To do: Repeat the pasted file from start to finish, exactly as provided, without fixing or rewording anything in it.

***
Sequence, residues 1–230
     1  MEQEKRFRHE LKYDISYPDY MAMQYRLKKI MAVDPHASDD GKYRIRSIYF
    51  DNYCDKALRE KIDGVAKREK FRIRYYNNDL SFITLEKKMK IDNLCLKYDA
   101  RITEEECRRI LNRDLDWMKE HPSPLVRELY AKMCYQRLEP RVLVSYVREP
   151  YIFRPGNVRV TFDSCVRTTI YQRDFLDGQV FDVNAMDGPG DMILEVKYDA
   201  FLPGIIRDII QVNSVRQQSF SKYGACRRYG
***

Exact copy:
Sequence, residues 1–230
     1  MEQEKRFRHE LKYDISYPDY MAMQYRLKKI MAVDPHASDD GKYRIRSIYF
    51  DNYCDKALRE KIDGVAKREK FRIRYYNNDL SFITLEKKMK IDNLCLKYDA
   101  RITEEECRRI LNRDLDWMKE HPSPLVRELY AKMCYQRLEP RVLVSYVREP
   151  YIFRPGNVRV TFDSCVRTTI YQRDFLDGQV FDVNAMDGPG DMILEVKYDA
   201  FLPGIIRDII QVNSVRQQSF SKYGACRRYG